Seals are jumping off cliffs in northern England terrified of tourists. Video of the incident which is going viral shows seals leaping off mountain tops just to avoid coming in close proximity with tourists. The animals can be seen jumping from rocky ledges into the sea, generally resulting in injuries to their body. Images and video of such cases have emerged from Cornwall, the northeast of England and Scotland. It was released by The Seal Alliance. Female Seal With Plastic Net Around its Neck at Norfolk Coast Spotted, Heartbreaking Pic Goes Viral.
Video footage captured on a tourist's drone shows a seal trying to escape a dog which was left off the lead. There has been a steady rise in such incidents in the recent past. A report called 'Do not disturb! The growing threat to our seals' by the Seal Protection Action Group and Cornwall Seal Group Research Trust, talks about how seals are often disturbed by human interference. Some of it includes the sound of motorised vessels, jet-skis, kayaks, paddle-boarders, wildlife watching tours on land or sea, as well as anglers and even walkers. Seal Spotted With Eel Hanging Out of Its Nose! Scientists Say ‘That’s Rare!’
Humans trying to feed seals is another growing concern. Andy Ottaway, from the Action Group, said that seals should be left alone. He said that the mammals already face issues due to over-fishing and habitat encroachment. Andy says, "Our seals are under increasing threat from deliberate killing, climate change, over-fishing, toxic pollution, entanglement in nets, ingestion of plastic and serious injury from collisions with vessels. We need to give all our precious marine wildlife, including seals, more space. The cumulative impact of all these threats, along with these growing disturbance issues, is placing these wonderful animals at serious risk." Seal Pup With Umbilical Cord Still Attached Rests on a Plastic Bottle in UK Beach; View Pic.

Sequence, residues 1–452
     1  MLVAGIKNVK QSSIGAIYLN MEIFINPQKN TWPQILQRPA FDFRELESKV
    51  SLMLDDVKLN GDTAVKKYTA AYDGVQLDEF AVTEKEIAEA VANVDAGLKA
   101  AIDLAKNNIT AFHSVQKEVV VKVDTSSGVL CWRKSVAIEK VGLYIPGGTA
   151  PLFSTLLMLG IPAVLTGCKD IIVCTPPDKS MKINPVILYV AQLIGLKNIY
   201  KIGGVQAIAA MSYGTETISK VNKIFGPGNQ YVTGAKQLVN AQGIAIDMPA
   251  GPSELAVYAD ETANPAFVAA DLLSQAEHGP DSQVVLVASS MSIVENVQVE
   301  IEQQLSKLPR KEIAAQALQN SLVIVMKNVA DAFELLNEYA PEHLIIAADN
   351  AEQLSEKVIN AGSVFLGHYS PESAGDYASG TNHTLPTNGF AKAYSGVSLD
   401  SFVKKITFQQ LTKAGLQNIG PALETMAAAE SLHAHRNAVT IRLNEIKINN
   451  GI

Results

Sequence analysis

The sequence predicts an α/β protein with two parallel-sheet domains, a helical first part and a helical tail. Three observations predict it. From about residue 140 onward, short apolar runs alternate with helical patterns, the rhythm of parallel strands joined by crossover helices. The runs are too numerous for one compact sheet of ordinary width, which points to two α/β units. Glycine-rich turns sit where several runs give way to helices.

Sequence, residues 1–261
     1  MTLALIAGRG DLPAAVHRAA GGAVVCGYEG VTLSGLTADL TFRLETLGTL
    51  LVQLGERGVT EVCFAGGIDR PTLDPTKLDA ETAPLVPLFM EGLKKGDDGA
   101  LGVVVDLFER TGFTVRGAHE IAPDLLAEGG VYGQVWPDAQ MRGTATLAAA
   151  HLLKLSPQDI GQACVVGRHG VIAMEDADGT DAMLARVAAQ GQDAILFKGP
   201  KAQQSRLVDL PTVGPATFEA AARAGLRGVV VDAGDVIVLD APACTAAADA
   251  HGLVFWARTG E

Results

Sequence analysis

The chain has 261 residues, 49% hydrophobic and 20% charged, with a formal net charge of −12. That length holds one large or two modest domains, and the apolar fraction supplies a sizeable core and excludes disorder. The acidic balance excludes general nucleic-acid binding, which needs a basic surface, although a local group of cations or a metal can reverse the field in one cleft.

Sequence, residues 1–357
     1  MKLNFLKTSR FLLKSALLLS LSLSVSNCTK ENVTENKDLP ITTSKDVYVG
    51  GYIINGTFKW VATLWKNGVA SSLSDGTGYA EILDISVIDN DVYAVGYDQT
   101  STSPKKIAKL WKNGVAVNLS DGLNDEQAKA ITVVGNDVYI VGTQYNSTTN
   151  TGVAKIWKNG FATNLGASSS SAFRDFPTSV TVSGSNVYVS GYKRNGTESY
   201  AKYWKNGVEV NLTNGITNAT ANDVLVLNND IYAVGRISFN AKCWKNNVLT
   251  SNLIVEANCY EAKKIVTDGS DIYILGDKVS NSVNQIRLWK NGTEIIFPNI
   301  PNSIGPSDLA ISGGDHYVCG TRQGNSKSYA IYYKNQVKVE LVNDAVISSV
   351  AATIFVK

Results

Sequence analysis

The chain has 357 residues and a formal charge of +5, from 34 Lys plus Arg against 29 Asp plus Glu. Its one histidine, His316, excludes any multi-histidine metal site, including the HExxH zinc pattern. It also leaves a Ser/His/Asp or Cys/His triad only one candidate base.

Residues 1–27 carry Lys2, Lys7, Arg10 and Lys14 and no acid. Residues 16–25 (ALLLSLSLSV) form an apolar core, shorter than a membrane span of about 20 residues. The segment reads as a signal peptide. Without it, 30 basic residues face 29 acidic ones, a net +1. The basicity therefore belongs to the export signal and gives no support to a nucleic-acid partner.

The report highlights the harmful impacts of human activity on wildlife. It also documents case studies around the British coast where protected seal populations are suffering due to human activities. It also talks about the condition of seals in South-west of England, North-west Wales, North-east England and North-east Scotland.
Sue Sayer, from the Cornwall Seal Group Research Trust in the report says, "Many communities benefit financially from tourism and the kind of reliable wildlife watching that seals provide. However, we need to take care and must reduce already high levels of disturbance, and soon, or those environmental, social and economic benefits could soon disappear along with our seals."